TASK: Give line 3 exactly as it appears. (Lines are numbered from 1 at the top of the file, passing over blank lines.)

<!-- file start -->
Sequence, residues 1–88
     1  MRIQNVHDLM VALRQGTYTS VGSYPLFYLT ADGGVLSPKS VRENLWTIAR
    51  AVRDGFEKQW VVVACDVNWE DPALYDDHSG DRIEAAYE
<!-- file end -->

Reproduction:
    51  AVRDGFEKQW VVVACDVNWE DPALYDDHSG DRIEAAYE